Consumer confidence will “make or break” economy in 2021

Consumer confidence in COVID-19 management measures will be a key factor for the U.S. economy in 2021, John Anderson, economist for the University of Arkansas, said.

Anderson, who is head of the Agricultural Economics and Agribusiness Department for the Dale Bumpers College of Agricultural Food and Life Sciences, has been providing analysis of the impacts of the COVID-19 pandemic on the U.S. economy since April.

“The COVID-19 pandemic produced an unprecedented shock to the economy,” Anderson said. “Second quarter GDP fell by 31.4 percent reflecting the effects of widespread economic shutdowns that generally ran from late March through about mid-May in many parts of the country.

“Third quarter GDP rebounded sharply as economic activity recovered in the summer and early fall, rising by 33.1 percent, compared to the second quarter,” he said. “Note that this did not constitute a full recovery, as the increase was from a much smaller base due to the big second quarter drop.”

Employment dropped sharply due to COVID, with more than 22 million jobs lost in March and April.

“The economy has steadily added jobs since May – up 12 million jobs, cumulatively, from May through November – but the unemployment rate is still almost double its pre-pandemic level of 3.5 percent in February versus 6.7 percent in November,” Anderson said. “Labor force participation also remains about 2 percentage points lower than it was prior to the pandemic.” Despite the dramatic slowdown in economic activity, personal income was supported by direct government transfers to both individuals and businesses through a variety of programs. The most significant of these included Economic Impact Payments to individuals and households, enhanced unemployment compensation, Lost Wages Supplemental payments through the Federal Emergency Management Agency, Paycheck Protection Program loans through the Small Business Administration, and Coronavirus Food Assistance Program payments to farmers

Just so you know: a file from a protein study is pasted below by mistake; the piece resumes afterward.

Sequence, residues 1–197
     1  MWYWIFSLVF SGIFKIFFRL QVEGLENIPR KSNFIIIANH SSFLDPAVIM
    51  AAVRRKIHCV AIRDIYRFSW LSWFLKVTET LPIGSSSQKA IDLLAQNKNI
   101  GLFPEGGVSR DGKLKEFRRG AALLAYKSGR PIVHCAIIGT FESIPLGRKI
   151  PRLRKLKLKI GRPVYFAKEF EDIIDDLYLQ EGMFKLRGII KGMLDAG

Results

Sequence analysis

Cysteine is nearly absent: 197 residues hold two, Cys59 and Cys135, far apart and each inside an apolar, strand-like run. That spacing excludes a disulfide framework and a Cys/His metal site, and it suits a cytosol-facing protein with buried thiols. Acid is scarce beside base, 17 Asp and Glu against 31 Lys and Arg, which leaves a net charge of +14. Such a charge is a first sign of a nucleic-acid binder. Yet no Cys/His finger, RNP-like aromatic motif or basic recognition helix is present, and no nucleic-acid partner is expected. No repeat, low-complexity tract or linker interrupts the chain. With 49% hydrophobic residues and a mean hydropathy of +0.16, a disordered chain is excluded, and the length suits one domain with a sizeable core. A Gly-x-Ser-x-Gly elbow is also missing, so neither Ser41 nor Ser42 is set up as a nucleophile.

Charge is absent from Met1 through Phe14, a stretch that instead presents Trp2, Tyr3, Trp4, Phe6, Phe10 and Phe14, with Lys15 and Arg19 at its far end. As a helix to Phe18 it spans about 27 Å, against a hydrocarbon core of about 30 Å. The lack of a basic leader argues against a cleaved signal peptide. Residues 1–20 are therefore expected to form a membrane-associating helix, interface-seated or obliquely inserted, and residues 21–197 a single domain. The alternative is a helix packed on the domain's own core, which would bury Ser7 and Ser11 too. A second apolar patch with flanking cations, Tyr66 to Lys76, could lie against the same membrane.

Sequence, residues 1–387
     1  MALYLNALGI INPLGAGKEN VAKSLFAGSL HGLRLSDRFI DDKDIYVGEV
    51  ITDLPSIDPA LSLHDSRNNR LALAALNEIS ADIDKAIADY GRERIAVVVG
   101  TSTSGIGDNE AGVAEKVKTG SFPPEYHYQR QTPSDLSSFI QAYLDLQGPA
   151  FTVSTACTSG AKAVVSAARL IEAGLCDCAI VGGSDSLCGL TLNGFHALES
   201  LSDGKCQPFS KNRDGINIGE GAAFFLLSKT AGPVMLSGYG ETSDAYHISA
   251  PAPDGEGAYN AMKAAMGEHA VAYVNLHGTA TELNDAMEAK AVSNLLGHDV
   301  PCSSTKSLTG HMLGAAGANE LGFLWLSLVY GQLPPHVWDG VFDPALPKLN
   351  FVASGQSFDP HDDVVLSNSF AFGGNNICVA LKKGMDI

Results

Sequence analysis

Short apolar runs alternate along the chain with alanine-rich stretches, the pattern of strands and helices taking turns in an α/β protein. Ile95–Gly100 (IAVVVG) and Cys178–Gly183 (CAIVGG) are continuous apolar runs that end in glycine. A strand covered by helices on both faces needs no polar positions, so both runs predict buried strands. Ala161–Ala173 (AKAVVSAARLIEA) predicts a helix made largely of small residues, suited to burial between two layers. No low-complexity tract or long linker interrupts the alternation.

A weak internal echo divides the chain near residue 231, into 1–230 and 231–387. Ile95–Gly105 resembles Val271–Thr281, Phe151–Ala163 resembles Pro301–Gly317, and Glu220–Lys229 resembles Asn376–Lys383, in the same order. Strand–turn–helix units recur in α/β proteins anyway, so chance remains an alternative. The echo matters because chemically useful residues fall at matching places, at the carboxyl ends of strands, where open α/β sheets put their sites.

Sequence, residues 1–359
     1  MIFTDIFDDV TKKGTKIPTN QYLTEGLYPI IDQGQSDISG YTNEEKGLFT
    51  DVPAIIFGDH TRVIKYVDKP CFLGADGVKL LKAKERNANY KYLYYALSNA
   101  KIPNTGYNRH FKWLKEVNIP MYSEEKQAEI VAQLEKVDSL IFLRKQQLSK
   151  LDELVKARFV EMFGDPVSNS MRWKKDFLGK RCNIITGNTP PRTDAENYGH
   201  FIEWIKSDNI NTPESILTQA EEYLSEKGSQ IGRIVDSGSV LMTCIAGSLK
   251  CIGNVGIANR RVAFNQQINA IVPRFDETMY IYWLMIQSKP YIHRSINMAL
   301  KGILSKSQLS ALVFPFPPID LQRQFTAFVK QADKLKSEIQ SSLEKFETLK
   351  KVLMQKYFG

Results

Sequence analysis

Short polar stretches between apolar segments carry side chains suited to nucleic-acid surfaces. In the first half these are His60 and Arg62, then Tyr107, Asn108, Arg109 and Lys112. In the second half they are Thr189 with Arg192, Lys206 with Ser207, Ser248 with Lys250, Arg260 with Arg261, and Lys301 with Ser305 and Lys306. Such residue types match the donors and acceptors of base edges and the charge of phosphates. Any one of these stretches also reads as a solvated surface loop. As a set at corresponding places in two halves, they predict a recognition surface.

through the U.S. Department of Agriculture.

Anderson said the fall COVID surge is affecting the economy, but the effects are not as severe as it was between March and May.

“In all parts of the country, flagging consumer sentiment and voluntary changes in consumer behavior in response to the prevalence of the disease are having a negative impact,” he said. “Many service-related sectors of the economy will not recover until consumer confidence returns to something approximating pre-pandemic levels, thus supporting pre-pandemic levels of activity. Such recovery will almost certainly depend on the widespread availability and demonstrated safety and efficacy of a COVID-19 vaccine.”

Anderson said that “as long as consumers remain fearful of COVID-19, economic activity – in terms of both production and consumption – will be negatively impacted.

“The outlook for 2021 thus depends on the success of measures aimed at bringing COVID-19 under control: most specifically, vaccination programs,” he said. “If such programs advance quickly and are widely perceived as safe and effective, economic recovery could follow quickly. If, as is more likely given the scope and complexity of the problem, such programs advance more methodically and with more ambiguous results, economic progress in 2021 will be modest at best.”


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